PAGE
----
How to Decorate Your Table for Thanksgiving
You don’t need us Brits to tell you how to celebrate Thanksgiving; from roast turkey to stuffing and pumpkin pie, we know you’ve got the festivities (and the delicious food) covered. But as your thoughts turn to preparations and Thanksgiving décor, what we at OKA can certainly offer is a little in the way of interior design inspiration. If you’re hosting this year and want to impress, there’s no better way than with a beautiful tablescape—setting the perfect stage for your feast and elevating the occasion in the process. As our Co-Founder Sue Jones says, “When your tabletop looks lovely, you’re halfway to having a good time.” Follow her lead with these Thanksgiving table décor ideas.
Start with the Essentials
Before you turn your attention to making your table pretty, you might want to consider how to make it practical. Your display doesn’t need to be busy to be impactful, so start with the essentials and build it from there. Will you require side plates, wine glasses, pitchers, or dessert spoons, for example? Will you be plating up your feast in the kitchen, or laying it out on the dining table for people to help themselves? The latter is particularly important to consider, as you’ll need to incorporate platters and large dishes into your display. It might be a good idea to give your tablescape a trial run a few days before the main event, so you have time to rework it if your vision isn’t quite realized the first time around. Nobody wants to be fussing with flatware moments before their guests are due to arrive.
Once you’ve got the logistical side mastered, it’s time for the fun part: the decorating. The trick to tablescaping is all in the layering; mixing different pieces, textures and tones is more visually appealing and will give your display depth and interest. If you want to set your dinnerware, glassware and flatware according to place setting etiquette, then check out our handy guide on how to set a dining table for the official formalities. Otherwise, the rule of three is a good guide to follow; layer an underplate, dinner plate and side plate on top of one another, and pair them with a water glass, white wine glass and red wine glass. Don’t be afraid to mix and match your dinnerware and glassware sets; this will give your display an eclectic feel—and allow you to showcase your finest pieces at once. Creating a sense of scale will also help to set your tablescape apart from the everyday, so be sure to use pieces of different heights.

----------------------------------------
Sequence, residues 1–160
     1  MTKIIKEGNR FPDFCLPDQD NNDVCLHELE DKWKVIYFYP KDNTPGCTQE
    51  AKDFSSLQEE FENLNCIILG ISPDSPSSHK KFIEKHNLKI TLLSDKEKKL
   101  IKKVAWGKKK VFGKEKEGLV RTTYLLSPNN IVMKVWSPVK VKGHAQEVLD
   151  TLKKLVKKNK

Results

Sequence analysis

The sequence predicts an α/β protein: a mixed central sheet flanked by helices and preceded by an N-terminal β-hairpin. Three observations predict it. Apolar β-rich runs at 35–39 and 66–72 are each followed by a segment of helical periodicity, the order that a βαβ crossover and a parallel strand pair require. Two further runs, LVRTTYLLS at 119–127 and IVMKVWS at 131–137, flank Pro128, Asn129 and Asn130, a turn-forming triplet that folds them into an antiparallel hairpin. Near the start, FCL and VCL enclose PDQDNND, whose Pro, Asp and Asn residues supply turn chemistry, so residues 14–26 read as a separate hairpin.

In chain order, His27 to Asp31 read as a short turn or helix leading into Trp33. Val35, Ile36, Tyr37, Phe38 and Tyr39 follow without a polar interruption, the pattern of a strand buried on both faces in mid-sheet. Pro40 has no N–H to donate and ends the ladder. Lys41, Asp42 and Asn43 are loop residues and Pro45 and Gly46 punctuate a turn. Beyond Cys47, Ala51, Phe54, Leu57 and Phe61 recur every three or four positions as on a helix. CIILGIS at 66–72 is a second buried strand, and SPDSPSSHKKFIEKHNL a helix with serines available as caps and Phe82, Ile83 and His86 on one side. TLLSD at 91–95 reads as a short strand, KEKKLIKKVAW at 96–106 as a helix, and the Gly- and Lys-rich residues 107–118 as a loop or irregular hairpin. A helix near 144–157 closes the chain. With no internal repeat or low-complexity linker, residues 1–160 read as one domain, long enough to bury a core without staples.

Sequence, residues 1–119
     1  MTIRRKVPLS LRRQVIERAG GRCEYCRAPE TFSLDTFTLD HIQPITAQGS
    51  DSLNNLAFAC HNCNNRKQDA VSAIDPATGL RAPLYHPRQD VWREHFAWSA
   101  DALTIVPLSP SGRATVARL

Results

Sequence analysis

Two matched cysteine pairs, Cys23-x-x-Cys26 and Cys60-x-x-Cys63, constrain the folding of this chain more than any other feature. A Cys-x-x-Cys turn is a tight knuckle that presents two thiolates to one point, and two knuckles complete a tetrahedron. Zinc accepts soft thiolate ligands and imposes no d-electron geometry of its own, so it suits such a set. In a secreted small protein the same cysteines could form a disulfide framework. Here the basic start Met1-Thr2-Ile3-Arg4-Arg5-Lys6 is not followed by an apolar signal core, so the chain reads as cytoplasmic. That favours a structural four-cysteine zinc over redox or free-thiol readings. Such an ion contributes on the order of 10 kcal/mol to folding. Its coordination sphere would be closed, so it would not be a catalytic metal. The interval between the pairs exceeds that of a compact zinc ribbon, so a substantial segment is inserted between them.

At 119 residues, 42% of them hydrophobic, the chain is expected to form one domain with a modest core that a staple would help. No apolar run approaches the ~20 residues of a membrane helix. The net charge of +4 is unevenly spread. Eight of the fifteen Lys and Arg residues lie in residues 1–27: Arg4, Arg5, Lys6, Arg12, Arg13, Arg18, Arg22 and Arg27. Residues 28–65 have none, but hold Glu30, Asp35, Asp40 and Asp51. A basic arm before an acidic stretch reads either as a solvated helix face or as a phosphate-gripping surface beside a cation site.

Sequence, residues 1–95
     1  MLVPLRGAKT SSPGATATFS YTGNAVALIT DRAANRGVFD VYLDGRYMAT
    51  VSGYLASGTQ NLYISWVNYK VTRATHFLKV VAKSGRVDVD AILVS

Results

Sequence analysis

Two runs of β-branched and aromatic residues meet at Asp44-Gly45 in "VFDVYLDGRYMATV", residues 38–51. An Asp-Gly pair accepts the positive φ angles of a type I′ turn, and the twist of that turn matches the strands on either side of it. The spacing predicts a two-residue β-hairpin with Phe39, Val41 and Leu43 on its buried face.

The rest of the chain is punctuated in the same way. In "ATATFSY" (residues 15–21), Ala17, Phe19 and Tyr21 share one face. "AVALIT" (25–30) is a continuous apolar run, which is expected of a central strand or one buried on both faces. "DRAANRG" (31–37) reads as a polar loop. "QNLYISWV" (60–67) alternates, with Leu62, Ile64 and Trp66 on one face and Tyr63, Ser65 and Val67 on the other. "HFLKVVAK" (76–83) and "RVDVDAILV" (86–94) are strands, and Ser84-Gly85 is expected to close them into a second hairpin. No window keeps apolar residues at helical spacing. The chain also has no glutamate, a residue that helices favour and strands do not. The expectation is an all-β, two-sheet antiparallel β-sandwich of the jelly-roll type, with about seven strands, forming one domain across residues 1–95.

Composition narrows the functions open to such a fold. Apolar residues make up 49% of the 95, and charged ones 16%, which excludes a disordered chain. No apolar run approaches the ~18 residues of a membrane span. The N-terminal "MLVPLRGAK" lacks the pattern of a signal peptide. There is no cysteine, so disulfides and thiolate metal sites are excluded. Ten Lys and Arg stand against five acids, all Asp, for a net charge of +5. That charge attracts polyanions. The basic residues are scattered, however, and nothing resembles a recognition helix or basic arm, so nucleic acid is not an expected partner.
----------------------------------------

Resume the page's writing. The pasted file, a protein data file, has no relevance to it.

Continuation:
Take Cues from Nature’s Palette
As nature transitions, why not echo its changes through your table décor? Burnt orange, fiery yellow and cozy brown are all shades that instantly recall the fall season, and they’re easy to replicate with your table setting. The best way to do so is by mixing your textures; think rattan underplates, tortoiseshell glassware and faux stems to bring a touch of the outside in—we love the autumnal shades of our Faux Hawthorn, Rowanberry and Eucalyptus Stems. Balance out this rustic effect with a touch of glamour—gold detailing, in the form of flatware, napkin rings or candle holders, will keep the occasion elevated.